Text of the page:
So, onto the second day of our moorland meanderings. We drove from the YHA into Haworth, finding Jus & Cat’s B&B immediately (in stark contrast to the 45 minutes it had taken them the previous night. They waxed lyrical about how nice the Olde Apothecary House (or some such name) had been.
Our first top of the day was some distance away, made all the longer by a navigational altercation with the limited access junctions of the A56, which were clearly not designed with the needs of baggers in mind. Eventually, some incredible navigation on my part through residential streets using a national-scale map took us to a layby, slightly further north than the parking area indicated on our OS map print-out.
I wasn’t looking forward to this one at all – it looked like a there-and-back-again slog across dull moorland. And so it turned out to be. We walked north on the road for a couple of hundred metres (past an interesting-looking track down into National Trust-owned woodland), and turned left up a track to the moors. It passed through what once might have been a small quarry but was now filling up with rubbish, and eventually emerged onto the grassy flanks of Bull Hill, which felt less steep than the map contours suggested.
The top of Bull Hill is owned by the military and shown on the map as a danger area. Red flags were flying around the perimeter, indicating that the military were carrying out exercises and it was dangerous for the general public. Despite this, we met a group of cyclists coming out of the “danger zone” (on a footpath rather than a bridleway, but as they were friendly we’ll forgive them that). Fretful Jus was all for turning back completely as soon as he saw the flags, until I pointed out that they did after all seal off only a portion of the hill, and a faint grassy path ran over the hill just outside the danger zone. Despite this, it was a nervy Justin that followed us onwards. Cresting the flat hill, the trig was just a few dozen yards into the danger zone on our left.
Bull Hill itself though was not our target. The summit at 418m was higher than Scholes Height, ahead of us, and a sub-marilyn to boot. However, the unitary authority boundary only runs across the shoulder of the hill at 410m. As it runs across the 415m high summit of Scholes Height, it’s the lower hill that’s actually the unitary top. We therefore followed the red flags and accompanying repeated danger signs down the far side of Bull Hill and into the wide, boggy col between the hills.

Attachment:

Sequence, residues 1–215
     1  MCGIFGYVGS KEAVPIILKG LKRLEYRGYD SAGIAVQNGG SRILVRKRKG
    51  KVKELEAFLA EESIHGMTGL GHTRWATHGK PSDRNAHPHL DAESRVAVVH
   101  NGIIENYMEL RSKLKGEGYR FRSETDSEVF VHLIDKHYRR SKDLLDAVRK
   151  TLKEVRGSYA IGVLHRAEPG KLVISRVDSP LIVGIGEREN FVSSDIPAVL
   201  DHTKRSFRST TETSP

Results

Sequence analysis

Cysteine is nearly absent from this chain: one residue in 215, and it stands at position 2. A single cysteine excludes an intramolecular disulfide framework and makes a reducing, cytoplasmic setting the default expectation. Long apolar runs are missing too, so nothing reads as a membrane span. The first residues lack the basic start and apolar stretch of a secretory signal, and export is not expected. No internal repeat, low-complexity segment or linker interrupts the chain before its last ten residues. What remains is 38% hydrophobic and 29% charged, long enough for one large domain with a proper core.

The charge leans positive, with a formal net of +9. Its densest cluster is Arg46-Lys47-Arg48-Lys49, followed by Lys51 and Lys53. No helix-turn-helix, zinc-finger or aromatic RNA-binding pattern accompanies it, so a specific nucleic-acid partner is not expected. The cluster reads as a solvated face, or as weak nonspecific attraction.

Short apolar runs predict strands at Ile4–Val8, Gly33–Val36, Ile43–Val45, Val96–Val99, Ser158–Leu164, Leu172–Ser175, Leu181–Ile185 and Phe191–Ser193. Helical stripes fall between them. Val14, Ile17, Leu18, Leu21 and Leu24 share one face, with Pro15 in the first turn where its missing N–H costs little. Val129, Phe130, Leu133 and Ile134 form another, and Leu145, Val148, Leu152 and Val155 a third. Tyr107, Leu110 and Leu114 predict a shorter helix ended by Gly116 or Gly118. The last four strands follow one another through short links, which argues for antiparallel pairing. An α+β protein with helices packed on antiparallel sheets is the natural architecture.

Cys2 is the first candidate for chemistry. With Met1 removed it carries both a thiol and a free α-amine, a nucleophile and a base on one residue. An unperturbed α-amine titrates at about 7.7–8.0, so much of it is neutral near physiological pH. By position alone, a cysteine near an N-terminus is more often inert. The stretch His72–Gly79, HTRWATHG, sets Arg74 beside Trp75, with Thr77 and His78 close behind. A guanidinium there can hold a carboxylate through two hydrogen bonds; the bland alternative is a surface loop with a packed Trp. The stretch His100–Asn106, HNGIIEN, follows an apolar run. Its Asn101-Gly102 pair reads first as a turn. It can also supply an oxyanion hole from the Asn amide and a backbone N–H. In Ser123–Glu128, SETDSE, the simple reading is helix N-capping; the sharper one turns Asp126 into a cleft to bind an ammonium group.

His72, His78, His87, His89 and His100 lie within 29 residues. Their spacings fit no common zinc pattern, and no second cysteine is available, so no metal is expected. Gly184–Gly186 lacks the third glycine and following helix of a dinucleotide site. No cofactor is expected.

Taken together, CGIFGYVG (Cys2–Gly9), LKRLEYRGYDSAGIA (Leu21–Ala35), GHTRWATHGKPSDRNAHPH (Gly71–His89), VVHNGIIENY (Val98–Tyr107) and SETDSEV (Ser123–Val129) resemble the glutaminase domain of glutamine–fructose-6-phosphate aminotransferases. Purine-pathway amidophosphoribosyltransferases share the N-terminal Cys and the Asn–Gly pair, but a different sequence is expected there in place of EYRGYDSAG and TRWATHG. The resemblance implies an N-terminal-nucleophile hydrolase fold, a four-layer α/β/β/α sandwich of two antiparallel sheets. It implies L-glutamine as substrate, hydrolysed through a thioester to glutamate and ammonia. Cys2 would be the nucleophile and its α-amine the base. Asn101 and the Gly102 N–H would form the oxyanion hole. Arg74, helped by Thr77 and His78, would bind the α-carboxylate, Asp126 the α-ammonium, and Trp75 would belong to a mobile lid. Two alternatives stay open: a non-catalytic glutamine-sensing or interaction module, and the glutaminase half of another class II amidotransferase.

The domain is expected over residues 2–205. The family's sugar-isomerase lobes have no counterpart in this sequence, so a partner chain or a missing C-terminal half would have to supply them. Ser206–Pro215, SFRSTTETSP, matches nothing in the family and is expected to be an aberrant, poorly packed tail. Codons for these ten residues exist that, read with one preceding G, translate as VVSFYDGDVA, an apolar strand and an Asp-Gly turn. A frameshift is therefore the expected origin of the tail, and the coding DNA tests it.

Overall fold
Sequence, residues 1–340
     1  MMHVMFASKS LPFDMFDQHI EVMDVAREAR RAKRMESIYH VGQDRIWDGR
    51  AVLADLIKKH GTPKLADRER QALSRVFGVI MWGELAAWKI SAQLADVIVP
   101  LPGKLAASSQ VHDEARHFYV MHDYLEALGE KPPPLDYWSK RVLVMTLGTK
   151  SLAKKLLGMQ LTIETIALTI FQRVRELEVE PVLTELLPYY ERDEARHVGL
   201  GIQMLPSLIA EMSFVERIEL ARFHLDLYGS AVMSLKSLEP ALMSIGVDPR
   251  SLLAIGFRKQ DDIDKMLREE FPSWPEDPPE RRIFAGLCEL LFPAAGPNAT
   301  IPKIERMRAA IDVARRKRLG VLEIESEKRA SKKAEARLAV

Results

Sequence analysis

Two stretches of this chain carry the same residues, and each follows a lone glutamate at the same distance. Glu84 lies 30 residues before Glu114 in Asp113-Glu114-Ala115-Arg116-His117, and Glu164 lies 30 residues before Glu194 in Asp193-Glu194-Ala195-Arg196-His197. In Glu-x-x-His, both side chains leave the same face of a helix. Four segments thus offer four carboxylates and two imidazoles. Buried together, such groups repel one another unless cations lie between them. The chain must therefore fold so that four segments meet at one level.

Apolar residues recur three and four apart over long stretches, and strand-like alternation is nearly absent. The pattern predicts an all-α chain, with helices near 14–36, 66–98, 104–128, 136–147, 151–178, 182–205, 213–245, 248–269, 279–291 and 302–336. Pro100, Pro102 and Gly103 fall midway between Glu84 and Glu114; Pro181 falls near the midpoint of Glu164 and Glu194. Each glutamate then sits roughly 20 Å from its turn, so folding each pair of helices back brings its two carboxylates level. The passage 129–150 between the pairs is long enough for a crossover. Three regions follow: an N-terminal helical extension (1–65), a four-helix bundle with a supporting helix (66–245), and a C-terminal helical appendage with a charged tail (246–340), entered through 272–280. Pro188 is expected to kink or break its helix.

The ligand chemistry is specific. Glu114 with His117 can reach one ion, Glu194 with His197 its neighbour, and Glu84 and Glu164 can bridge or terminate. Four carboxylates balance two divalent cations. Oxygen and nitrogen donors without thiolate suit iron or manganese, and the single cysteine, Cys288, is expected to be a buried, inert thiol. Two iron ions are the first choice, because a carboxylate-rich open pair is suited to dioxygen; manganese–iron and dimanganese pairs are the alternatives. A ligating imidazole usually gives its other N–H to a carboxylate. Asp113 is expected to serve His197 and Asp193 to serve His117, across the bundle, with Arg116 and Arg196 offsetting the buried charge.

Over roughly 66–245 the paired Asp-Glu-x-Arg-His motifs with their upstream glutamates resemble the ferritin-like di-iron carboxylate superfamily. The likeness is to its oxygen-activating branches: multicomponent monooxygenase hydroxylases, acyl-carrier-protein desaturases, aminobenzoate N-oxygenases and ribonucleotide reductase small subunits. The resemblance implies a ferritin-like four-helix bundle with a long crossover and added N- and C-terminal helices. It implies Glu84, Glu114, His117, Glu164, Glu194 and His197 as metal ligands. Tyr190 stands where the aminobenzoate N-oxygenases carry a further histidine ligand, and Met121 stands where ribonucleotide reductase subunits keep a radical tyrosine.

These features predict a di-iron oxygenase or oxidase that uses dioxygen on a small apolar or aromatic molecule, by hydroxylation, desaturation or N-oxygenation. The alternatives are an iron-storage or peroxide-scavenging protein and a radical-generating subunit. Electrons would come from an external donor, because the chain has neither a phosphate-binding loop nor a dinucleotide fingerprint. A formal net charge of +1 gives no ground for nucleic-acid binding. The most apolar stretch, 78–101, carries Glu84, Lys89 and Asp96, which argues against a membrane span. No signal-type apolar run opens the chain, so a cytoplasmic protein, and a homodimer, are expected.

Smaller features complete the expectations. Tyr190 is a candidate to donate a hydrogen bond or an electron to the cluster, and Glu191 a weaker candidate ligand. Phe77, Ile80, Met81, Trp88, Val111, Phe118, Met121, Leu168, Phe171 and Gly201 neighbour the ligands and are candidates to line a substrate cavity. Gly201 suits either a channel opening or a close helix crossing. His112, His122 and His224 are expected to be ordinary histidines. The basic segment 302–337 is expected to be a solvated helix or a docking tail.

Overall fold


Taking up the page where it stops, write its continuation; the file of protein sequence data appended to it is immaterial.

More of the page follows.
Leaving the path, we soon had to veer to the left to avoid the deep gouges and surrounding boggy areas of a stream and its tributaries scything through the peat. Beyond this, though, the col was remarkably dry. The rough grass slowed us considerably, although it was a lot easier than the terrain on Rough Hill the previous night. Eventually we reached the summit of Scholes Height, which was marked by a solitary wooden post. The views were restricted by the featureless grassy plateau that surrounded us. It was all very anticlimatic.
We returned from whence we’d come, briefly diverting to take a path around the base of Bull Hill rather than over it, passing through a very barren area on the way. Both Jus and I complained of sore feet, and on returning to the car discovered that we both had extensive blistering on the back of our ankles. It seemed strange considering that I’d walked 17 miles the previous day with no problem whatsoever. At any rate, it meant I had to downgrade to walking shoes for the rest of the day, whilst Justin adopted a more Victor Meldrew “I don’t believe it” approach.